Professor O’Leary was commissioned as an Expert Academic Advisor to the Royal Commission into Institutional Responses to Child Sexual Abuse and has served as a Senior Research Fellow with UNICEF’s Office for Research. Currently he serves as Chair of Changing Attitudes and Behaviour Working Party for Safe Campuses at Griffith University.
Ms Kelly-ann Tansley,
Kelly-ann was previously the Manager of the Brisbane Domestic Violence Service where she advocated for social change and systemic reform in response to domestic and family violence. Kelly-ann has led the Brisbane Regional Specialist Domestic Violence Service and supported its 60+ staff across ten programs to use best practice, evidence based and woman-informed frameworks in supporting women and children to be free from violence and abuse. Kelly-ann’s career spans over 12 years here in Queensland within the not for profit sector, including working for the Domestic Violence Prevention Centre on the Gold Coast as the Counselling Manager and GCDVIR Coordinator.
Prior to emigrating from the UK, Ms Tansley studied in Cambridge at the APU graduating with a First Class Honours degree in Psychosocial Studies majoring in Psychology. Kelly-ann is currently undertaking studies at UNSW AGSM in Masters of Business Administration in Social Impact.
She is also a Management Committee Member of Ending Violence Against Women Queensland and a member of the Queensland Domestic Violence Service Network.
Dr Nora Amath, Islamic Women’s Association of Australia
Nora Amath is a sociologist and community developer whose research focuses on multiculturalism, social inclusion, diversity, leadership and community development. She is the author of The Phenomenology of Community Activism and her writings have also appeared in several edited volumes and journals. She is an adjunct Research Fellow at Griffith University and also works at the Islamic Women’s Association of Australia as the National Manager of Refugee Settlement and the CAMS Statewide Coordinator, a role focused on the prevention of DFV in CALD communities. She is also a co-founder of Sakina Refuge, a short-term accommodation for CALD women and children experiencing DFV.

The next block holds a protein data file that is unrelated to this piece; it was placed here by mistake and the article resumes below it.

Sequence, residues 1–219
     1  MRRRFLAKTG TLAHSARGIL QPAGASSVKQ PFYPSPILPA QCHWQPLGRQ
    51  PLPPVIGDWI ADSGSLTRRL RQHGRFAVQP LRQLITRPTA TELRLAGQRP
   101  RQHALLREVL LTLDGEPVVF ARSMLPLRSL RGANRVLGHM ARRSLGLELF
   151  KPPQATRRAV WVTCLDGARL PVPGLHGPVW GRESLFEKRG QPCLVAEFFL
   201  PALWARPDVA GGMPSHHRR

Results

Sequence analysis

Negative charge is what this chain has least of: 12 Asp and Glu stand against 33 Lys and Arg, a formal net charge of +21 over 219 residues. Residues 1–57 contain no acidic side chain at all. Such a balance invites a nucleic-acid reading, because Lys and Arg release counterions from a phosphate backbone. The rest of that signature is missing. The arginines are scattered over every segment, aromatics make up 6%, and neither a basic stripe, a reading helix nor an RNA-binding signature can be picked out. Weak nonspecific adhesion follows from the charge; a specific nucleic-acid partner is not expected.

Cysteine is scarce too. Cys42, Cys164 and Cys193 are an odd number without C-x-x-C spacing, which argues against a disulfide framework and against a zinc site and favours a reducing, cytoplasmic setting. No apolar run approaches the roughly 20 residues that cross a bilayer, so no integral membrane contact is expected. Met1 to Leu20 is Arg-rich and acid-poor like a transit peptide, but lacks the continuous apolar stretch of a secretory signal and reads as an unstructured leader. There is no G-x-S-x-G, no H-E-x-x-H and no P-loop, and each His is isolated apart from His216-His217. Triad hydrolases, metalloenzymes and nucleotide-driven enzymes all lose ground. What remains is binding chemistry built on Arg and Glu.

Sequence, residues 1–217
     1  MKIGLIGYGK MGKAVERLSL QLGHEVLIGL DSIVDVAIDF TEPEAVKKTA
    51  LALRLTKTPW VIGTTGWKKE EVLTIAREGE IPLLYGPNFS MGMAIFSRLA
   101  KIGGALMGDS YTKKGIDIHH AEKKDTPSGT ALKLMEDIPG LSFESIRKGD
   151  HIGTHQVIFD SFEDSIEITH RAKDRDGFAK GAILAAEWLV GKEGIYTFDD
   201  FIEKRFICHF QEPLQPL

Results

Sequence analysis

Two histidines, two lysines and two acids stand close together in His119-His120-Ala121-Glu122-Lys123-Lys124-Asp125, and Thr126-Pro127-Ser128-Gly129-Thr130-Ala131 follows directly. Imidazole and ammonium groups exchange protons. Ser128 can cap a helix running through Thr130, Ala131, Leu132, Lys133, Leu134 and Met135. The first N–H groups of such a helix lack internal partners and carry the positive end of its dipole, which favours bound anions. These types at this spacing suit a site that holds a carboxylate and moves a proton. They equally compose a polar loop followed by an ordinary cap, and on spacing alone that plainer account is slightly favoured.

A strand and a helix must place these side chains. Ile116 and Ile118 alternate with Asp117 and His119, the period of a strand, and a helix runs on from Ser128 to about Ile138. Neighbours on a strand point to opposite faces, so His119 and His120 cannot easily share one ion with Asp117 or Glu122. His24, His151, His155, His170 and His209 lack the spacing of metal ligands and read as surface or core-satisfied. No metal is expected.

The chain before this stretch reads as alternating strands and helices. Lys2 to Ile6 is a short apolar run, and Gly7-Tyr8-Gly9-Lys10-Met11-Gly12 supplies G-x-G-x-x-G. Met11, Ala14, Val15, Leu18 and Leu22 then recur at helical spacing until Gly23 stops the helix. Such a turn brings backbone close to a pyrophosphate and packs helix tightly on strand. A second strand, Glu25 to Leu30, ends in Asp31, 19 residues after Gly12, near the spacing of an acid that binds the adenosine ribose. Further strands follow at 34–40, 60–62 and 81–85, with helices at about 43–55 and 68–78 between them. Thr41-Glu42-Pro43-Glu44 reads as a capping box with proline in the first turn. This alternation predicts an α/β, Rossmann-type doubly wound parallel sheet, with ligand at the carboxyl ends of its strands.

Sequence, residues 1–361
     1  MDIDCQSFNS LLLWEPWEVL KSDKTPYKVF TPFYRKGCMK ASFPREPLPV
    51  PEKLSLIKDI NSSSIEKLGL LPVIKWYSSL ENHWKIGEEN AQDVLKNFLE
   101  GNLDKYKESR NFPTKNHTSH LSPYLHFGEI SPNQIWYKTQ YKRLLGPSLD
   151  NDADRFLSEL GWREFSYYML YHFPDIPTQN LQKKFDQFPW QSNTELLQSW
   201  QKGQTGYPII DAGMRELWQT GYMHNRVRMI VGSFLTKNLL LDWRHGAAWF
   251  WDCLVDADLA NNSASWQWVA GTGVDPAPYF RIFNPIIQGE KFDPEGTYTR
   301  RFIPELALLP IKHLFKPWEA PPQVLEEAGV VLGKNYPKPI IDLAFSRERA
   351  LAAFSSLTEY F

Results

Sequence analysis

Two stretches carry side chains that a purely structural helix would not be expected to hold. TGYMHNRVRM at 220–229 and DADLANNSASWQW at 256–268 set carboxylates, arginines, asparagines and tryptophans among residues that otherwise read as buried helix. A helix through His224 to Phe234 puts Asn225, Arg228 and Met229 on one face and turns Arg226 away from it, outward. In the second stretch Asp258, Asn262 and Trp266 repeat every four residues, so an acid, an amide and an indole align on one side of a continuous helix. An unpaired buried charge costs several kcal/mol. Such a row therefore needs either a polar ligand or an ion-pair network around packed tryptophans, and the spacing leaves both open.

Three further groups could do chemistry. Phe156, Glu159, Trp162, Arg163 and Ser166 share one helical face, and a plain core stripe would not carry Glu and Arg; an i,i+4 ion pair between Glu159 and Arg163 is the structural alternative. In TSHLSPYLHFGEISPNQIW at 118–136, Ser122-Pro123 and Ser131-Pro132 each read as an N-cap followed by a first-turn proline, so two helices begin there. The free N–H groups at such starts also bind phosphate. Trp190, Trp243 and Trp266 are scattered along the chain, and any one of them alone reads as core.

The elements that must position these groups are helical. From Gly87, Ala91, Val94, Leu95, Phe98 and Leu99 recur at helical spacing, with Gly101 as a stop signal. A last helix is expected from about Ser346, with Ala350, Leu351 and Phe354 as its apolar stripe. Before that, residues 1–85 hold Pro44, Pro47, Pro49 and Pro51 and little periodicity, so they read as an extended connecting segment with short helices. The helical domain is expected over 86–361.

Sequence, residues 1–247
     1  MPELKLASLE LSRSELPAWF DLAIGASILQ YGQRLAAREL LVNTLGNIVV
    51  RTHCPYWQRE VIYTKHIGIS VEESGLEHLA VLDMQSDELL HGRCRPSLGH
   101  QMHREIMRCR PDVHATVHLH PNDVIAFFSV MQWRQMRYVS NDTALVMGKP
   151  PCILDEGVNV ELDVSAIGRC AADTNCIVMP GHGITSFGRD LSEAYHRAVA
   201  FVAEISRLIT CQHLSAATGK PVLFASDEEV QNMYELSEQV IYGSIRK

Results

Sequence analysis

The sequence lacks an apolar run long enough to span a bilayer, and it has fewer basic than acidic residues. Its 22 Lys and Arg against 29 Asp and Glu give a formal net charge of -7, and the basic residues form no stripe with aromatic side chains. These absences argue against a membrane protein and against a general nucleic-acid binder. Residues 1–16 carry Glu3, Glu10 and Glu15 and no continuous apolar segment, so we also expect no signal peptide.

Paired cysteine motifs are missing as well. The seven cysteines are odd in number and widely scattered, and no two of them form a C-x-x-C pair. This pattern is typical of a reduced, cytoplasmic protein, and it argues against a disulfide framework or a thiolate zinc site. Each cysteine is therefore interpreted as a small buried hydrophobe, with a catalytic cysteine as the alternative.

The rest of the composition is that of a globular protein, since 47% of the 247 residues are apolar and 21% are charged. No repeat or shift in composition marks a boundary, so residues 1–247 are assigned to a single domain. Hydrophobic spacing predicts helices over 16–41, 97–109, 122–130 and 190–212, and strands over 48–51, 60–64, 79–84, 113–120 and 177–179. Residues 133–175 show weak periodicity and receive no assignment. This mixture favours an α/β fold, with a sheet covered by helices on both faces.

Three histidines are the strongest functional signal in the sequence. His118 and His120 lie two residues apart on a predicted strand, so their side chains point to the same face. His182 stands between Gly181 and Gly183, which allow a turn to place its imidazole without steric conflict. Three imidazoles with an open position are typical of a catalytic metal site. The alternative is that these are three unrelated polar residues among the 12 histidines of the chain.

Nora is chair of the board of Islamic Relief Australia. She has strong connections to the community across a number of areas, including youth, women’s and multi-faith groups, and is a member of the Minister’s Queensland Multicultural Advisory Council and the Culturally and Linguistically Diverse Domestic, Family and Sexual Violence Prevention Roundtable. In 2006, she was the Australian Muslim Woman of the Year.
Mr Philip McCarthy, QC, Deputy Director of Public Prosecutions
Philip McCarthy is the Deputy Director of Public Prosecutions. Called to the Bar in 1997 and appointed as Queen’s Counsel in 2019, Phillip has extensive experience in criminal law. His work in the prosecution of complex and sensitive matters includes homicide, sexual crime, and other crimes of violence. Phillip holds academic qualifications in Law and Science and is currently a member of the Queensland Sentencing Advisory Council.
Ms Alexis Oxley, Solicitor, Legal Aid Queensland
Alexis Oxley was admitted as a solicitor of the Supreme Court of Queensland in 2002, after graduating with a Bachelor of Laws in 1999 from the University of Queensland and a Bachelor of Arts, majoring in Archaeology and Anthropology in 1997 from James Cook University.
Alexis practised as a solicitor in Bundaberg, Maroochydore and Mount Isa in family law and criminal law, in both private practice and at Legal Aid Queensland collectively for a period of 8 years, before taking up the position of Principal Lawyer, Legal Aid Queensland (Ipswich) in 2010.
As Principal Lawyer, Alexis manages a team of family, criminal and civil law lawyers and practices in the areas of criminal and domestic and family violence. Alexis engages in local community and stakeholder events in the area of domestic and family violence. Alexis is currently a member of the Queensland Law Society and the Ipswich District Law Association.